“Or them?” the first man asked, gesturing toward the roll up door at the back of the warehouse. The rising door revealed four more men in a boat.

Seeing themselves surrounded, Scully’s shoulders slumped. He accepted defeat. Cardinal, on the other hand, began to shake. The fishermen she thought she controlled were turning on her and her plans were falling apart. She lunged forward and grabbed Scully’s gun and then turned to point it at Mike. Except Mike wasn’t there.

Using the distraction of the appearance of more and more fishermen, Frazier cut the duct tape holding Mike to the chair. When Cardinal whirled around looking for her captive, Mike took the opportunity to gain some retribution for the torture and beating he suffered. He hit the former mob doctor in the jaw with a left hook, knocking her out cold.

“I’ve never hit a woman in my life, but that doesn’t really bother me,” Mike said, shaking his head as he looked down at the woman on the ground. He kicked the gun away from her.

Scully never budged. He simply waited for the police to arrive and take him away, getting his wish a few minutes later. Anticipating what might happen, Mike had placed an audio recorder in his camera bag and recorded everything that happened in the warehouse. Once Scully and Cardinal were in handcuffs and local medics checked Mike over and bandaged his fresh cuts, Frazier stepped up to check on him.

“Thank you for everything, Mike.”

“Thank you, Frazier. You’ve saved me from two beatings now. I owe you,” Mike said with a grin that turned into a grimace. Nearly every part of his body hurt after the ordeal of the last 24 hours. “When I asked you to bring help if I wasn’t back soon, I expected you to bring the police. Where did all the fishermen come from?”

“I called the police, but they weren’t sure they believed me. I was afraid they weren’t going to be here in time. So, I went to the fishermen and told them what you were doing. They were concerned about their families at first, but Malcolm shamed them a bit. He said if you were willing to fight for them, they should be willing to fight for you.”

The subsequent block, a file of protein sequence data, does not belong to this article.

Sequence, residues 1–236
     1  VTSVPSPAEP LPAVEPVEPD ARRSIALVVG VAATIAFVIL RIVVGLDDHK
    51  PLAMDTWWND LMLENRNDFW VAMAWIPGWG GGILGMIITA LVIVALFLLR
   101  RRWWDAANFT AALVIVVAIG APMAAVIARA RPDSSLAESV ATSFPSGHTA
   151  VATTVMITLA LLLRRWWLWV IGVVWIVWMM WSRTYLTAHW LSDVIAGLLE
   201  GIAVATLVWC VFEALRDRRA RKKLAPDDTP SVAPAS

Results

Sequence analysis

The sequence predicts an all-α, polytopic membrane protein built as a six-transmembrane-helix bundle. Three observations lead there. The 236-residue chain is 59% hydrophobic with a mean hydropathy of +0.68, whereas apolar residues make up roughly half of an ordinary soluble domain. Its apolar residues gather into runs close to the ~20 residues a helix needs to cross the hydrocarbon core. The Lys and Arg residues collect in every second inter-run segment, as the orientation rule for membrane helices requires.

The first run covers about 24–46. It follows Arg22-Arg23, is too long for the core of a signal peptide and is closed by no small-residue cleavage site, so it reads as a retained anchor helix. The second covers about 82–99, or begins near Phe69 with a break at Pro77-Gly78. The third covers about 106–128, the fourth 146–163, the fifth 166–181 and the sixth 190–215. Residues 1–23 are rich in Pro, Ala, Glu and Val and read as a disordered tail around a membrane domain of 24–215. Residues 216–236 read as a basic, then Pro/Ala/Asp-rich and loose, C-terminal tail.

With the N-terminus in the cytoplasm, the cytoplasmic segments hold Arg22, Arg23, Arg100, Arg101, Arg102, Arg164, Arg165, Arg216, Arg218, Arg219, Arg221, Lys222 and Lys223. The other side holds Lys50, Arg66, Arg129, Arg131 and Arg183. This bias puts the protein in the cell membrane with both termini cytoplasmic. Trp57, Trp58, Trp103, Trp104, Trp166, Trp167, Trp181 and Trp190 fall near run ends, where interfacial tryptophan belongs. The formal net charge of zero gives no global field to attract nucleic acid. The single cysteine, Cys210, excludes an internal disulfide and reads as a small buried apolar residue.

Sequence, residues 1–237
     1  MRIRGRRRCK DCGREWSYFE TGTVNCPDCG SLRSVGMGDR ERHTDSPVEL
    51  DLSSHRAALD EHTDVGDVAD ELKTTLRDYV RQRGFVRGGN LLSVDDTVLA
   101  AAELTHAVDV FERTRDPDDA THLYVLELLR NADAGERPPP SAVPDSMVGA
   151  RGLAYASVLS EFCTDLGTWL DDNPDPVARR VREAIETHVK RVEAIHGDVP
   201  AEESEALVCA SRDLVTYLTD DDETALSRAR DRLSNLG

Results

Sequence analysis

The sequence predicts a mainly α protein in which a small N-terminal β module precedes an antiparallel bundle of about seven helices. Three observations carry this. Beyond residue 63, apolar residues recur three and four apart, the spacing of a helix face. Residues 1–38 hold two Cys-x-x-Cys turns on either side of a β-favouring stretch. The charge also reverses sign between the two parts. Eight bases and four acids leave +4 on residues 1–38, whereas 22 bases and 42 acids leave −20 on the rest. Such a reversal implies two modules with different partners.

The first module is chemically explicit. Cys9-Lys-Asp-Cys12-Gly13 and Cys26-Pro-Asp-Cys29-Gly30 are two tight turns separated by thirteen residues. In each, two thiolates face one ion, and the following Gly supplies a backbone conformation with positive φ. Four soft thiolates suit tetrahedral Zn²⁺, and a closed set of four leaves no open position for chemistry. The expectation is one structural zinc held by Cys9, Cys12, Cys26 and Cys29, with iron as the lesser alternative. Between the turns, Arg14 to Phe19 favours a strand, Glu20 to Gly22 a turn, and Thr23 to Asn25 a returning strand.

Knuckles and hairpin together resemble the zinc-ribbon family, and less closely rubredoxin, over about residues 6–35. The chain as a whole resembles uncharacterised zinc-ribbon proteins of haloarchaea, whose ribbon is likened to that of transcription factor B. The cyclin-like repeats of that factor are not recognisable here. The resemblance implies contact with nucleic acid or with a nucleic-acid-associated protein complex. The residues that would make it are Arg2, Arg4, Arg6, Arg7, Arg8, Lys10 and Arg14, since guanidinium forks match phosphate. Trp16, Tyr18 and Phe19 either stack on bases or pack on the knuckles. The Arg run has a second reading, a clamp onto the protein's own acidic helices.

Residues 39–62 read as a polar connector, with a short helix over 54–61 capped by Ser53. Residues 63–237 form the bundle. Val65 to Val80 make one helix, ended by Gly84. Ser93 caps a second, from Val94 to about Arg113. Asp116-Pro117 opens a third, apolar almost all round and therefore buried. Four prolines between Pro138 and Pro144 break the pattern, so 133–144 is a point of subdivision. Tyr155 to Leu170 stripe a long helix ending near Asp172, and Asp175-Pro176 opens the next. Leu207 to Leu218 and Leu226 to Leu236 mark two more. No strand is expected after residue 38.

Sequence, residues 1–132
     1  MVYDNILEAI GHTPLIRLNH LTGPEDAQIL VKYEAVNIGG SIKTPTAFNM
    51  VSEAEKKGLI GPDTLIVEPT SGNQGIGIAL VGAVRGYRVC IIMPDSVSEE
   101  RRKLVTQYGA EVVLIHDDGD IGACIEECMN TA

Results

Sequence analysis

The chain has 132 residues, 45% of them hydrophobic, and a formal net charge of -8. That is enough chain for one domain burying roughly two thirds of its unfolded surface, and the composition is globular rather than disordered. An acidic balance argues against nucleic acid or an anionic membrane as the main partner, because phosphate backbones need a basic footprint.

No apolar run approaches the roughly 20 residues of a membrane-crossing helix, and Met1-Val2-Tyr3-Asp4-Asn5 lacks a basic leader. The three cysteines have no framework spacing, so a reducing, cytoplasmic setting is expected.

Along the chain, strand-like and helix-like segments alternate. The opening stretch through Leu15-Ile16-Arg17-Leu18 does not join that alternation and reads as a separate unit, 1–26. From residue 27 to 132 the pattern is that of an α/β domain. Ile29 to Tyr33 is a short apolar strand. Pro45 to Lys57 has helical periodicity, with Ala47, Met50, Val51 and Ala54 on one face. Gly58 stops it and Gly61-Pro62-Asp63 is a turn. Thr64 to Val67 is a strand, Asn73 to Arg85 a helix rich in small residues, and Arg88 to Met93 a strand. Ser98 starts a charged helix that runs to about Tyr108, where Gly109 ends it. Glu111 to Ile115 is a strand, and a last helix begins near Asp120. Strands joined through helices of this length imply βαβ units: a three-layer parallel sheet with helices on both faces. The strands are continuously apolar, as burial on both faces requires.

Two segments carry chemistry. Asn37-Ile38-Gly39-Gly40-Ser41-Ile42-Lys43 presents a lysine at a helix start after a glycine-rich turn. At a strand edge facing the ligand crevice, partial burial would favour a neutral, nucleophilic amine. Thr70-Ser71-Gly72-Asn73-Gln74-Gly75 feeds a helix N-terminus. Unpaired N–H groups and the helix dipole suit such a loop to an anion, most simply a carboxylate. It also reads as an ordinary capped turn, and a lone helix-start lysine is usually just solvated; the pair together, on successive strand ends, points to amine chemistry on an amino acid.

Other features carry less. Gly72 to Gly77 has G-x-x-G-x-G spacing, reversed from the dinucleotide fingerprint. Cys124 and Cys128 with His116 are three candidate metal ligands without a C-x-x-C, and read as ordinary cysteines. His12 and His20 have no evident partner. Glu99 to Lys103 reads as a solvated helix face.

“Who is Malcolm?”

“Dat would be me,” the first fishermen Mike spoke to said as he approached with a grin. “Er, sorry. That’s me, Mike.”

“You’re going to have to tell me your story sometime, but I appreciate the help.”

“Not a problem, my friend. There are times it helps to let people think I am a simple fisherman. And other times when my real life as an FBI agent comes into play.”

Malcolm was investigating Dr. Cardinal and with Mike’s help, he was able to bring the fugitive from justice back home.

It took Mike a couple days of recuperation, sleeping in the sun at the resort, and an examination by a real doctor to make sure nothing was seriously damaged by Scully’s beatings, before Mike felt most of the way normal. On his last full day before he headed home, Mike was able to get back in the water with his camera to photograph Tiger sharks. The story he filed with his magazine ended up being about more than he expected when he first arrived, including the breakup of an illegal shark finning operation, but for Mike, the most important part was he was back in the water surrounded by sharks.



Second Edition September 2015 by Eric Douglas 

All rights reserved. No part of this book may be reproduced, stored in a retrieval system or transmitted in any form or by any means without the prior written permission of Visibility Press, except by a reviewer who may quote brief passages in a review to be printed in a newspaper, magazine or journal.

All characters appearing in this work are fictitious. Any resemblance to real persons, living or dead, is purely coincidental.

Tiger Shark Cover Photograph by filmmaker Frazier Nivens at Tiger Beach, Bahamas. You can learn more about Frazier at


This is a Visibility Press Original

Copyright 2015 Eric Douglas

All rights reserved.

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Mark Evans
Scuba Diver's Editorial Director Mark Evans has been in the diving industry for nearly 25 years, and has been diving since he was just 12 years old. nearly 40-odd years later and he is still addicted to the underwater world.